As severe winter weather hit parts of the country last month, US home construction plummeted, with new housing starts falling 10.3 percent, the Commerce Department said on Wednesday.
The largest drops were in the Northeast and Midwest, where the weather was the worst, but the South also saw a decline even as growth continued in the West, as construction firms scrambled to meet the demands of a hot housing market.
A massive artic blast last month knocked power out to much of the state of Texas, bringing activity in many industries to a standstill.
Home construction projects started nationwide fell to an annual rate of 1.42 million, seasonally adjusted, from their upwardly revised January level, and the volatile housing permits also fell 10.8 percent, both results worse than analysts had forecast.
The setback will not be permanent, said Ian Shepherdson of Pantheon Macroeconomics, but he warned that home construction is set to moderate later in the year.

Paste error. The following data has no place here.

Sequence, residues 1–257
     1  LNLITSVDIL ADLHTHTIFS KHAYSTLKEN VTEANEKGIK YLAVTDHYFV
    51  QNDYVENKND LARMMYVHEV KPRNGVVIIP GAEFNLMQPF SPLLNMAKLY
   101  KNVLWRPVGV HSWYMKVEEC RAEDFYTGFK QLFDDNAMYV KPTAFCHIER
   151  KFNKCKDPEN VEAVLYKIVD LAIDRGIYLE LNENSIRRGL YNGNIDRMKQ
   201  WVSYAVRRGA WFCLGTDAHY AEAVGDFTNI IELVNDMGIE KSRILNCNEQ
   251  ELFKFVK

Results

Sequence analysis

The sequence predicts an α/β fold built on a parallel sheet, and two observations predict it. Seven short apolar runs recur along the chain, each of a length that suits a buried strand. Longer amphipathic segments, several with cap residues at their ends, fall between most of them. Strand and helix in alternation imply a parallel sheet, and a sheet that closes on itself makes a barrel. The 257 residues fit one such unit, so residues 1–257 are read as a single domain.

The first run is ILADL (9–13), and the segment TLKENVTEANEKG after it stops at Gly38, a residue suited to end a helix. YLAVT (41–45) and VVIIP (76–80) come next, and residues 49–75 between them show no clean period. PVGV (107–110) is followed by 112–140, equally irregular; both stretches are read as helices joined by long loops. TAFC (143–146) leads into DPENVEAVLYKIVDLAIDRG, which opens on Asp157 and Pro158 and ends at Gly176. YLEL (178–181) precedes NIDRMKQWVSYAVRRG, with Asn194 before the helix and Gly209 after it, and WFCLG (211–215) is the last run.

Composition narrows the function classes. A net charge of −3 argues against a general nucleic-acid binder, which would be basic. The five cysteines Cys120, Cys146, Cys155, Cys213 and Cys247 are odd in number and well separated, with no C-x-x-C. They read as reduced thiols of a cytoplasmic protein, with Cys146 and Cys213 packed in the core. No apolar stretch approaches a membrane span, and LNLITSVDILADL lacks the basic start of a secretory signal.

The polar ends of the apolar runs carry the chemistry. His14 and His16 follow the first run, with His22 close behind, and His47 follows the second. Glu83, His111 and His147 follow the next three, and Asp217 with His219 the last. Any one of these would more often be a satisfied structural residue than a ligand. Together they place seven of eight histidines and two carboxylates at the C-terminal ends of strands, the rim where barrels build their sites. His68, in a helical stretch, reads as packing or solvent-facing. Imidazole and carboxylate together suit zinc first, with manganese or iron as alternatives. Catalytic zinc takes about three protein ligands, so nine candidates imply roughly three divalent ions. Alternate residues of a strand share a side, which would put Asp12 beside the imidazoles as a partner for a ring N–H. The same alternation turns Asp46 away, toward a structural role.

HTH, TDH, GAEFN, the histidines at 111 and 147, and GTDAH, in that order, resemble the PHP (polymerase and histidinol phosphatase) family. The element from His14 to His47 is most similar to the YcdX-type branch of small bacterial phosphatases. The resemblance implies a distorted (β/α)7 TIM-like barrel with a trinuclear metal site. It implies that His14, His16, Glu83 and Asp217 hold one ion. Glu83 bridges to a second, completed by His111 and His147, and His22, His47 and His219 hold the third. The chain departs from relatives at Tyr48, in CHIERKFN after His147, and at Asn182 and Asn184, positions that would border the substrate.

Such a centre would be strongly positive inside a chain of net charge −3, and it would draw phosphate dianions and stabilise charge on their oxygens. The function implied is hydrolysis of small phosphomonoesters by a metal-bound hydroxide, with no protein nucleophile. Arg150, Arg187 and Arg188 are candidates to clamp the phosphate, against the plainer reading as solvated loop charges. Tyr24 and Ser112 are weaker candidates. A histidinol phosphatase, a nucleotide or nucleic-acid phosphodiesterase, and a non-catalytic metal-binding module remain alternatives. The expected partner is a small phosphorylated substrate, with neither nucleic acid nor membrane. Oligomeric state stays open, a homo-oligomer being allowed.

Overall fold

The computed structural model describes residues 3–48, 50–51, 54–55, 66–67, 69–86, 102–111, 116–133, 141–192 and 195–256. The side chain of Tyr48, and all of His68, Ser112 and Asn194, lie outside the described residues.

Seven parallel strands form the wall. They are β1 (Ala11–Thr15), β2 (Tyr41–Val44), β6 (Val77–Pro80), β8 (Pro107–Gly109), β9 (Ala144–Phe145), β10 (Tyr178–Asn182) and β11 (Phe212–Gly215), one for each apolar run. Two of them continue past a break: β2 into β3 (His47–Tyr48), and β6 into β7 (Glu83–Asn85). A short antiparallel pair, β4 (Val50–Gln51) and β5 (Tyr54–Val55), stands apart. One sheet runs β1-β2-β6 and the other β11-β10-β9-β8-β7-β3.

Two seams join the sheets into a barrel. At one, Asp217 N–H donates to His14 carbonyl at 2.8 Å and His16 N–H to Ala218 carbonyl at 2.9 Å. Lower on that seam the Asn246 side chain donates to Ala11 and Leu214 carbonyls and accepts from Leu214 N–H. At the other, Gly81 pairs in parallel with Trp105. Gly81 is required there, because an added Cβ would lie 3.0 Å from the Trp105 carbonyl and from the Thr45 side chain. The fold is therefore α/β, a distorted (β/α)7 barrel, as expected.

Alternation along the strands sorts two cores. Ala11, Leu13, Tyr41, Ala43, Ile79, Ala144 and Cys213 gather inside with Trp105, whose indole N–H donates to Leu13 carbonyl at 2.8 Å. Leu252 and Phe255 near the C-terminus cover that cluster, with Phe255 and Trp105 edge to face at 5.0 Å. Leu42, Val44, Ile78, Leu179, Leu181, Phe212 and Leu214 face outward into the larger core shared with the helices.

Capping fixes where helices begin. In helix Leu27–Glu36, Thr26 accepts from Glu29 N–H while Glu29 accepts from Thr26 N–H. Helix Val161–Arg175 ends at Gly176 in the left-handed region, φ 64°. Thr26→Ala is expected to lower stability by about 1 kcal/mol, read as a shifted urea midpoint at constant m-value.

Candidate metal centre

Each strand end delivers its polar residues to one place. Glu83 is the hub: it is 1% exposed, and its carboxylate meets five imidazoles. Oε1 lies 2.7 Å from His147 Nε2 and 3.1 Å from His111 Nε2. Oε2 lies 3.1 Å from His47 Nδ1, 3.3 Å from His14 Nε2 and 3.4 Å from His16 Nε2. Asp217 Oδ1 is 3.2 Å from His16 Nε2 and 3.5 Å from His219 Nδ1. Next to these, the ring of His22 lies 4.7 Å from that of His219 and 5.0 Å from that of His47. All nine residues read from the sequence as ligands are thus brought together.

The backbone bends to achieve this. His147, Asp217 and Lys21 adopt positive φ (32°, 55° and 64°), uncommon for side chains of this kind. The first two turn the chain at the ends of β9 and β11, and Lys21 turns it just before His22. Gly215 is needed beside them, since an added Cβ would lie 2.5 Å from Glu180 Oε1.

The US real estate market boomed last year as the Covid-19 pandemic pushed consumers to reassess their living situations.
"Starts will rebound strongly in March, but the bigger picture here is that the declining trend in mortgage applications in recent months means that new cycle highs aren't likely to be sustained in the near-term," he said in an analysis.
Recent months have seen home prices rise as buyers competed for scarce inventory and builders scramble to keep up. February's rate of new starts was 9.3 percent lower than the year prior.
New homebuilding dropped 39.5 percent in the Northeast, and 34.9 percent in the Midwest, regions which saw the worst winter weather.
Starts in the South -- which accounts for about half of the construction in the country -- dropped 9.7 percent, while the West saw construction increase 17.6 percent.
Rubeela Farooqi of High Frequency Economics agreed the housing market was set to moderate in the coming months, but predicted homebuilding would remain strong.
"Housing demand remains positive, mortgage rates are historically low and combined with record low inventories are likely to support to building activity, especially in the single-family sector," she said.